There’s a huge expansion in demand for compute power going on, with AI models, cryptocurrencies, autonomous vehicles and our social media algorithms all guzzling more chip cycles than ever before. But we’re also in the midst of a climate emergency, and chips are a major cause of energy demand. How do we reconcile the two? Joining me to talk about this as well as the future of the semiconductor industry, the CHIPS act, and other national industrial policies is Lux’s Shahin Farshchi and Mythic AI CEO and founder Mike Henry.
April 23, 2022
Redlines for diplomacy and business with former USSOCOM commander Tony “T2” Thomas
“Redlines” in war are meant to be objective and unambiguous tests for a country to respond to another nation’s action. If one country uses chemical weapons in a conflict, that might violate the redline of another country and therefore force it to conduct military operations in response to reinforce the international laws and norms against the use of such weapons. Redlines though are often ambiguous, used poorly, and their deterrence effect is often diminished by a lack of credibility. How should leaders — from politicians to entrepreneurs — think about redlines? To answer that, host Danny Crichton was joined by Josh Wolfe and General Tony “T2” Thomas, the 11th Commander of U.S. Special Operations Command (USSOCOM) and venture partner at Lux Capital, to talk all things redlines from a hotel lobby in sunny Miami.
April 16, 2022
The VC Power Law with CFR senior fellow Sebastian Mallaby
In his new book, “The Power Law: Venture Capital and the Making of the Future,” Council on Foreign Relations senior fellow Sebastian Mallaby brings his erudite attention from the hedge fund world to venture capital, interviewing the industry’s leading players over the last 50 years to discover what is unique about this industry that “manufactures courage.” In this episode, Mallaby, Josh Wolfe and Danny Crichton talk about the structural and cultural differences between hedge funds and VC firms, the long-term lessons that get re-learned by each generation of VCs, how succession is planned (and not), as well as a side story of a VC and a pile of maggot-filled meat laid by Hunter S. Thompson.
April 09, 2022
Is web3 really just looking for Web 2.5?
web3 technologies have received prodigious funding the past two years as founders and VCs collectively search for the path to the next evolution of the internet. But how do we bridge the gap between the ubiquitous Web 2.0 world with what we see coming in web3? In this episode, Lux VC investor Grace Isford joins host Danny Crichton to discuss the key infrastructure investments in what she is dubbing “web2.5,” the crypto developer stack, and what’s next for crypto in 2022.
April 05, 2022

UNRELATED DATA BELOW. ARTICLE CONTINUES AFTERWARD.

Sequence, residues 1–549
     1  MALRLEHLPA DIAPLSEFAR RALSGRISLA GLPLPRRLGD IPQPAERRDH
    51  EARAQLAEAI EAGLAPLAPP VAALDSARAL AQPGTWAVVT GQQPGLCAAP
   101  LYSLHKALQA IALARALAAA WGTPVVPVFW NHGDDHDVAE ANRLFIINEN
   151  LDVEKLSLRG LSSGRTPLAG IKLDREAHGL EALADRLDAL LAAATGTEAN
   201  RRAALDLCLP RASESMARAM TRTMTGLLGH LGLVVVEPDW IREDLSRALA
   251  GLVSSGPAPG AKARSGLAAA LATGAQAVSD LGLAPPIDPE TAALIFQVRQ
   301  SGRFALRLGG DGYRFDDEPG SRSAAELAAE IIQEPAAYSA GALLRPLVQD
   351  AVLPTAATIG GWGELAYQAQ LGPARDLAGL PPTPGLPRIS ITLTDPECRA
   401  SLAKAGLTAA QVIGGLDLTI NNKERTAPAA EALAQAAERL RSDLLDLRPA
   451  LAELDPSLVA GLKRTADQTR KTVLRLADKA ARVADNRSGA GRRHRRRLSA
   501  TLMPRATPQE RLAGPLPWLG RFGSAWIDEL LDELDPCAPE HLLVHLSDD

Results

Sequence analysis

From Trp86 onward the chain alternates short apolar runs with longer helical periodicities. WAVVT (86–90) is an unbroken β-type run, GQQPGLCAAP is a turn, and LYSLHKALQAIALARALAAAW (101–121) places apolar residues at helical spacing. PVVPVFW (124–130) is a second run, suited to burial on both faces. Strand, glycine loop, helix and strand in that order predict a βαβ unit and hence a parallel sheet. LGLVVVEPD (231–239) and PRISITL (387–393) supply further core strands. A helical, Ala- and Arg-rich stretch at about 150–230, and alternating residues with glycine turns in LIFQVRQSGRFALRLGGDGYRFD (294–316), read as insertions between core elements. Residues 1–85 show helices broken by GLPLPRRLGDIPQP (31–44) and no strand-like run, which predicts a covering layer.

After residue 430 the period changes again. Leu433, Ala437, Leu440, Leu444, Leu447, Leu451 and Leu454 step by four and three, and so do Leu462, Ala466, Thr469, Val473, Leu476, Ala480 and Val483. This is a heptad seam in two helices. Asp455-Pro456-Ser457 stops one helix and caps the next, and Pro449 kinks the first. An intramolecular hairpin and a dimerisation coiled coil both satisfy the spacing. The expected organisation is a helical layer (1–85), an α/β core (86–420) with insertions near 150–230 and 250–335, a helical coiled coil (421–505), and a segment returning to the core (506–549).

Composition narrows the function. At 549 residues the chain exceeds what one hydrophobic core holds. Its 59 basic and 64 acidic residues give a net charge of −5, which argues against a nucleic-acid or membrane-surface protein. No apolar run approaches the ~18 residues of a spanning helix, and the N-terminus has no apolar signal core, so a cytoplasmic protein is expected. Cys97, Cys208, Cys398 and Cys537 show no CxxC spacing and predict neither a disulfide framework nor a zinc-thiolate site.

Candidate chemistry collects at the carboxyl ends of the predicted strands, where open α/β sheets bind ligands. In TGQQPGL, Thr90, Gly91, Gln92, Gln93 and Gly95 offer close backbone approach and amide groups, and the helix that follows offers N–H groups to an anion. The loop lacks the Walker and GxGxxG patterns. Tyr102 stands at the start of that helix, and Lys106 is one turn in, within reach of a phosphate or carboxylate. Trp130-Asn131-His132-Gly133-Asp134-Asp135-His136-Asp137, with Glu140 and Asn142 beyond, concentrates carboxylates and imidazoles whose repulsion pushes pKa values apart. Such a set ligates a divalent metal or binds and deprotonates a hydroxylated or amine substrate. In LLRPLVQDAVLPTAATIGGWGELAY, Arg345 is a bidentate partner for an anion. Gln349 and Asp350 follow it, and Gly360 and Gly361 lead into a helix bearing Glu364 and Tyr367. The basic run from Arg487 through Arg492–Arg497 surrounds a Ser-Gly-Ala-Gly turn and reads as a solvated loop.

Josh Wolfe on “There will be chaos, and that chaos will be caused by people”
Josh Wolfe and Danny Crichton talk about the influx of TV shows covering startup busts including WeCrashed, Super Pumped, and The Dropout; strategic ambiguity, game theory, and a bit of geopolitics; and what the case for optimism is in this world, including the difference between complacent optimism and conditional optimism. Finally, Danny observes the perilous state of corruption in the world today and the need for a firmer ethical line for all people.
April 02, 2022
Rethinking the science of science funding with Sam Arbesman
The funding of science is one of the most important leverage points for growth in the global economy. Yet, we’ve barely experimented with how science gets funded or tried to evolve financing models that were invented decades ago. Now, dozens of new organizations have been started to explore novel models for funding scientists to do their best work. Danny Crichton is joined by Lux Capital’s scientist-in-residence Sam Arbesman to talk about why this trend has accelerated and what all these new experimental models might mean for the future of science.
March 31, 2022
Episode 01: Silicon Valley’s dependence on American foreign policy
Danny Crichton talks with TechCrunch Global Affairs Project special series editor Scott Bade about the passing of Madeleine Albright, the intricate and extensive connections between tech innovation and U.S. foreign policy, the need for an American technology doctrine, and developments in U.S.-China relations.
March 25, 2022
Episode 0: A Pod is Born, Alife is Funded, and A Decade is Defined
In Episode 0 of “Securities” by Lux Capital, Danny Crichton and Chris Gates talk about why the world needs another podcast; Deena Shakir joins to discuss the future of in-vitro fertilization (IVF) and a company she funded called Alife Health, and Danny discusses the global challenges that tech must confront in the 2020s. This is Episode 0 — named for the best movie in the Star Wars franchise and where it all begins.
March 22, 2022